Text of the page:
Nebraska state senators are considering LB 986, introduced by Senators Pansing Brooks, Hansen and Wayne. The bill would “ban the box” in the higher education admissions process and prevent public colleges and universities from asking about or considering a person’s criminal record for purposes of admission.

Among the long-term impacts of having a criminal record is that many Nebraskans find it nearly impossible or are generally deterred from getting a higher education. Higher education institutions regularly ask about an individual’s criminal record, which then has a chilling effect – often discouraging those individuals from completing the application even long after they have completed their sentence or paid their fine.

Evidence shows that asking about a criminal record at admission does nothing to protect public safety but seeing the “box” on school applications prevents individuals from applying to institutions of higher education.

Approximately 1 in 3 adults in the U.S. have a criminal record. And while it is difficult to assess the number of Nebraskans with a past conviction, every year, the Nebraska Department of Corrections estimates over 2,000 people with a felony conviction complete their sentence and are returned to our communities. There are even more Nebraskans with a misdemeanor conviction, largely charged for nonviolent crimes resulting from drug or alcohol dependence.

Additionally, people of color are disproportionately affected by the criminal record inquiry on college applications as they are overrepresented at every juncture of our criminal justice system due, partly, to racial profiling and punitive school disciplinary policies. In Nebraska, people of color are also significantly overrepresented in the average daily prison population with 27% Black and 4% Native American Nebraska prisoners compared to the overall state population of 13% Black and 1.3% Native American Nebraskans.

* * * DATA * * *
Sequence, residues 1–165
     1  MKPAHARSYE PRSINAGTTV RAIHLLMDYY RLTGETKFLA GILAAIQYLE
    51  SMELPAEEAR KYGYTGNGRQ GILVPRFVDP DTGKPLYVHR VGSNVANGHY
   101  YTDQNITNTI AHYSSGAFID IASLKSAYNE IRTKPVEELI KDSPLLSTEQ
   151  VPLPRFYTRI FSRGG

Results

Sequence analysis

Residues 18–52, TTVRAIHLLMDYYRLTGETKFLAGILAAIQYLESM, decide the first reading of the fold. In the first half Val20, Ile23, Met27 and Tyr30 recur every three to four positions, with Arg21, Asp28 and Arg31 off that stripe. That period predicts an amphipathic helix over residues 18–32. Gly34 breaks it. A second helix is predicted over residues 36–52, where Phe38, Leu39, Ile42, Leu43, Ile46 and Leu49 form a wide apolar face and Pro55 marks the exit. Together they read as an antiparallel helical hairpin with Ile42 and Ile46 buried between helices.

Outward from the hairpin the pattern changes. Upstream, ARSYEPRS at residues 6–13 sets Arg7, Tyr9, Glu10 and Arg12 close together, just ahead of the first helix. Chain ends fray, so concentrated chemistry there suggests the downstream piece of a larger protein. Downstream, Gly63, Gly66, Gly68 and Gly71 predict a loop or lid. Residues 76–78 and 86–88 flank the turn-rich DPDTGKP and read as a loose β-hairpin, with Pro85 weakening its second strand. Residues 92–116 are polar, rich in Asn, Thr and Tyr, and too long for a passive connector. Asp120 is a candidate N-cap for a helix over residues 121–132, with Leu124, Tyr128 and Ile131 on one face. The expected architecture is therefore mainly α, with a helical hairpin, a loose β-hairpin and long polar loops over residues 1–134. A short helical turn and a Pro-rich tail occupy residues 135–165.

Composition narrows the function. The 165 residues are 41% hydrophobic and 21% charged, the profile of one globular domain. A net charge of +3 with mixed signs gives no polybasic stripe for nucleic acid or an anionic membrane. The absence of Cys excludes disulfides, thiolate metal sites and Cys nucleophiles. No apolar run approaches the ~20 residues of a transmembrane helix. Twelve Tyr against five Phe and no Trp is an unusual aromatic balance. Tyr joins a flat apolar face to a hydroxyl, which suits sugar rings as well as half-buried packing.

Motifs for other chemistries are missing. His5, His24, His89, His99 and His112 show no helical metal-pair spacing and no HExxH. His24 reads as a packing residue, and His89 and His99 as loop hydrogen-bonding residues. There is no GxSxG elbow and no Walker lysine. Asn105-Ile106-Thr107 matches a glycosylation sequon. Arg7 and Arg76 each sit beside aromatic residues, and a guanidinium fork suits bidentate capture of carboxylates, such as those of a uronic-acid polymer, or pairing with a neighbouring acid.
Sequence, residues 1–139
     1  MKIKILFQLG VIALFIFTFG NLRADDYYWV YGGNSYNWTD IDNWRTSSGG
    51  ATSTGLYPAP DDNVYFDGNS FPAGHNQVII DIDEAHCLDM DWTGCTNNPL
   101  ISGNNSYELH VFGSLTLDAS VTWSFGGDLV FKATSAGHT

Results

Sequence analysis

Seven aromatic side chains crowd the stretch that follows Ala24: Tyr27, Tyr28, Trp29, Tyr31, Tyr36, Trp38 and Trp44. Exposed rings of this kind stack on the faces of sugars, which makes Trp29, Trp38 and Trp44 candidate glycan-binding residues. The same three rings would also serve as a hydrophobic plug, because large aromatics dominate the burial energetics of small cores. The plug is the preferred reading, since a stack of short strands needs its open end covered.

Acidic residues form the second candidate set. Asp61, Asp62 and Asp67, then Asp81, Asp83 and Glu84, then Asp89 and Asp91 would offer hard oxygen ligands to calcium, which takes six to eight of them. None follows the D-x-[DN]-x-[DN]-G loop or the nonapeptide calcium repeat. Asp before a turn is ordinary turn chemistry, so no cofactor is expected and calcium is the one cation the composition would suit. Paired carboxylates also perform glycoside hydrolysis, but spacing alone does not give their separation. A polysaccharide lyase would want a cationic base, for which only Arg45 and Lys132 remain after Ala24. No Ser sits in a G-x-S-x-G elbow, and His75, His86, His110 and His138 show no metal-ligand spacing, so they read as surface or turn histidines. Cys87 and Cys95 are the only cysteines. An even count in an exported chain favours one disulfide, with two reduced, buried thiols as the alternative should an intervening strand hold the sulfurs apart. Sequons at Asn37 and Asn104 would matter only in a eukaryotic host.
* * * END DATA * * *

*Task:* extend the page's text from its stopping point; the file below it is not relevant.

Clearly, this barrier to education needs to be addressed. LB 986 will not only increase educational opportunities, but also provide a fairer shot at a better life for thousands of Nebraskans. With a higher education, we can dramatically reduce recidivism and help Nebraskans build financially stable futures. Communities are strengthened and crime is prevented when people with a criminal record are able to obtain an education, work, earn income, pay taxes, and bring structure to their lives.

Nebraska has already begun cutting the red tape holding people back from gainful employment by passing our public employment "ban the box" law. Several states, higher institutions, and even the popular “Common Application” used by 800 schools, have applied this same “ban the box” law in the higher education setting.

Nebraska needs to take the next step to pull down the hurdles in the path of people applying to higher education institutions. Removing hurdles to higher education allows each Nebraskan to contribute at their highest potential, which will grow our shared economy, increase public safety, and ensure strong families.

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